We know that eating wholesome, nutritious foods is important to leading healthy lives. Menu planning is just one part of that equation! Ensuring that we store our food safely to avoid dangerous bacteria growth is vital, especially when dealing with perishable refrigerated and frozen foods. We don’t want our food to make us sick! In addition to preventing spoilage, proper storage also helps those foods to retain their taste and texture.
Food safety begins with your shopping trip. If food shopping on a warm day, consider taking a large cooler with cold packs for the trip home. Insulated reusable shopping bags also help to keep hot foods hot or cold foods cold for short periods of time. Disinfect these bags frequently.
If you have several errands to run, save food shopping for last so you can take your groceries directly home.
When shopping, purchase refrigerated and frozen products just prior to checkout. Do not place hot items right next to cold item in the buggy. Place raw meat in clear plastic bags to keep raw juices from contaminating produce or cooked foods.
When you get home put refrigerated and frozen items into your fridge and freezer promptly.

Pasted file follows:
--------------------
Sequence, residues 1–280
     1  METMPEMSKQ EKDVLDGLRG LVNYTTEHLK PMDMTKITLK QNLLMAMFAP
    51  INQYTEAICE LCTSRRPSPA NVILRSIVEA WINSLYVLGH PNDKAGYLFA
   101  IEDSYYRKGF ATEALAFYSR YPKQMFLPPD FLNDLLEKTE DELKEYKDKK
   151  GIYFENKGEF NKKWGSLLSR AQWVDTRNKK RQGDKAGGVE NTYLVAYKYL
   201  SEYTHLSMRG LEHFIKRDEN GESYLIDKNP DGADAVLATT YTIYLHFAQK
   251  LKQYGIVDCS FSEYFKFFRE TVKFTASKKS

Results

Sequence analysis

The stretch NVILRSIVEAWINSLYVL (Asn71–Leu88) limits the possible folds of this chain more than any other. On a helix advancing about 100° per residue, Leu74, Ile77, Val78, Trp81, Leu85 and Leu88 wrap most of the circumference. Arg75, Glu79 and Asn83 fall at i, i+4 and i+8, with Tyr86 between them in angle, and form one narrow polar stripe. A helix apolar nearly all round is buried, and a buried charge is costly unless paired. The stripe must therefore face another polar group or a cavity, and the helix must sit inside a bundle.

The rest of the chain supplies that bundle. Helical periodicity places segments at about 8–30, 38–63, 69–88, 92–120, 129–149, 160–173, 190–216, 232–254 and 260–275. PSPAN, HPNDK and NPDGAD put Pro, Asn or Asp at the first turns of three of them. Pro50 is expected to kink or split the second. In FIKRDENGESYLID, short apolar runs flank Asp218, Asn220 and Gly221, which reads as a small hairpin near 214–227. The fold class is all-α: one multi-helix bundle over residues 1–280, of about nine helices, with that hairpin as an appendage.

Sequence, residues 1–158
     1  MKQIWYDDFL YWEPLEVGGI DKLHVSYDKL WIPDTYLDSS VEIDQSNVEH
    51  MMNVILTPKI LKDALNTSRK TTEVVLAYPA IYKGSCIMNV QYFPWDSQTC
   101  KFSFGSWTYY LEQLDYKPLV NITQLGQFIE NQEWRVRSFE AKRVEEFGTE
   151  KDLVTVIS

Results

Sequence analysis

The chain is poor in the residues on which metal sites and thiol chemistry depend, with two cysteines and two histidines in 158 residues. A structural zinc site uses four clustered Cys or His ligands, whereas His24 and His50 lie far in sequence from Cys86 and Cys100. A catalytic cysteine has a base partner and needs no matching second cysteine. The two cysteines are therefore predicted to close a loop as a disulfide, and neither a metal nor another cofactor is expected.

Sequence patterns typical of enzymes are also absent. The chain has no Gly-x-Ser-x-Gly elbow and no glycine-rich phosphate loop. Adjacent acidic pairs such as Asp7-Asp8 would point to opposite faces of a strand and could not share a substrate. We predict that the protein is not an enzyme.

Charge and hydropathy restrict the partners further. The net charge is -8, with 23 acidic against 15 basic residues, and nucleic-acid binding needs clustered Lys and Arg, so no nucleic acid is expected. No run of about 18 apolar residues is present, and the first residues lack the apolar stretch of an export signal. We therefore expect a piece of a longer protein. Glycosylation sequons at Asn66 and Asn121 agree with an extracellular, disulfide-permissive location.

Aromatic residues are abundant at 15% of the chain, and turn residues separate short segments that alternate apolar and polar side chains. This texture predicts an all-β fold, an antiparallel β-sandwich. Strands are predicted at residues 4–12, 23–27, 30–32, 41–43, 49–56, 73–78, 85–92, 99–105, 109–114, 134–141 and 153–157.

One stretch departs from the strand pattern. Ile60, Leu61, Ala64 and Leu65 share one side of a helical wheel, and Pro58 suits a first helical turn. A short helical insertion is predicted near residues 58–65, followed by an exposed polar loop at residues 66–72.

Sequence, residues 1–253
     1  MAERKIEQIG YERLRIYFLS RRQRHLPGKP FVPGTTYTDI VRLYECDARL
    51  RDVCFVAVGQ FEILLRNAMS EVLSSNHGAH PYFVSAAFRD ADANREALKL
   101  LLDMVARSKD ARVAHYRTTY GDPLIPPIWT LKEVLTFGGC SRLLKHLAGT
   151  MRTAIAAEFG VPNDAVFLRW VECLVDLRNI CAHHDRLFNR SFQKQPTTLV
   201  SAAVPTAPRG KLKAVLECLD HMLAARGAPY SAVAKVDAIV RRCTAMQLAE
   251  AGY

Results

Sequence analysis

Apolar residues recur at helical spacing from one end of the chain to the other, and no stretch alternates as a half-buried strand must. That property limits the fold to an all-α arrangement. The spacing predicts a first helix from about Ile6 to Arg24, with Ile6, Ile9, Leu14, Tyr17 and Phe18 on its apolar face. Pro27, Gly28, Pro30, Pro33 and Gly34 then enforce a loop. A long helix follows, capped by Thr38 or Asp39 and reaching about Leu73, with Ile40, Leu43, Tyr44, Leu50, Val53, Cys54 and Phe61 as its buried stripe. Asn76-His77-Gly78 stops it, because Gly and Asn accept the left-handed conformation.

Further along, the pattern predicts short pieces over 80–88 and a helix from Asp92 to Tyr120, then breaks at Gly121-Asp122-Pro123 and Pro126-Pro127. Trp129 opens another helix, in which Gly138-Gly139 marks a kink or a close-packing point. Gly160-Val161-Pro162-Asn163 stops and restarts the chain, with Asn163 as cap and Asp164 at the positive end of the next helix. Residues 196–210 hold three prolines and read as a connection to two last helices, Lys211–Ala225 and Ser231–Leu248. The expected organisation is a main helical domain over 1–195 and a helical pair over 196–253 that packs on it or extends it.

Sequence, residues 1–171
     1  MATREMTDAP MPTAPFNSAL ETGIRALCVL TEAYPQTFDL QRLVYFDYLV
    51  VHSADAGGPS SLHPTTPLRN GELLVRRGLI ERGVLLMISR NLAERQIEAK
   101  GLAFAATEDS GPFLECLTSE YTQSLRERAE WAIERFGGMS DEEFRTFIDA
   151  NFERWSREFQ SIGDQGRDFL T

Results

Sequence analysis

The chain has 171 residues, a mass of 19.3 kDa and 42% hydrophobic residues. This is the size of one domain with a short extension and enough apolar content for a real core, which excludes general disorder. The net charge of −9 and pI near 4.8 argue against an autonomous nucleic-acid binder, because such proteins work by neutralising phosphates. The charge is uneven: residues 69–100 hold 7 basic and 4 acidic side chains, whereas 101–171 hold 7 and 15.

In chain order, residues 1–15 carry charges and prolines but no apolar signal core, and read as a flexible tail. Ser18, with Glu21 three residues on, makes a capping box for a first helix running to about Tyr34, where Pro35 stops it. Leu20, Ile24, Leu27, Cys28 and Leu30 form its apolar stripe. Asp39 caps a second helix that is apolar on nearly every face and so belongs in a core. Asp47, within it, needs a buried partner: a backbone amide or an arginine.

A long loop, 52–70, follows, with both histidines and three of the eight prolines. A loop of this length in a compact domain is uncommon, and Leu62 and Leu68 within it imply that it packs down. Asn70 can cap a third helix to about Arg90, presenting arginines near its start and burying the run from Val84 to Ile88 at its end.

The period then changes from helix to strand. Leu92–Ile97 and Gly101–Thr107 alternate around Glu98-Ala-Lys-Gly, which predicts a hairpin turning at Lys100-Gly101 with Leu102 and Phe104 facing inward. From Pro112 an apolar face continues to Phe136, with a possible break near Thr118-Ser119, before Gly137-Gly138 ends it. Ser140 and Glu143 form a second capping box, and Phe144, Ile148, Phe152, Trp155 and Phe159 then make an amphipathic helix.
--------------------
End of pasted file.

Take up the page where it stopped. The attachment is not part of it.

For optimum safety, your refrigerator should be set at 4°C (40°F) or colder, and your freezer should be set at -18°C (0°F) or colder.
If you are away from home for a period of time, you may not be aware of power outages that may have occurred while you are absent. These outages may cause cold foods to reach unsafe temperatures which may not be obvious when the power returns. A good tip is to freeze a small cup of water, when frozen, place a large coin or marble on top of the ice. Leave it in the back of your freezer. When you return from any absence, check the cup. If the item is partially frozen into the water, you will know that the power has been out or that your freezer has possibly malfunctioned. Discard questionable food accordingly.
For more information on food safety, visit the Government of Canada Healthy Canadians website.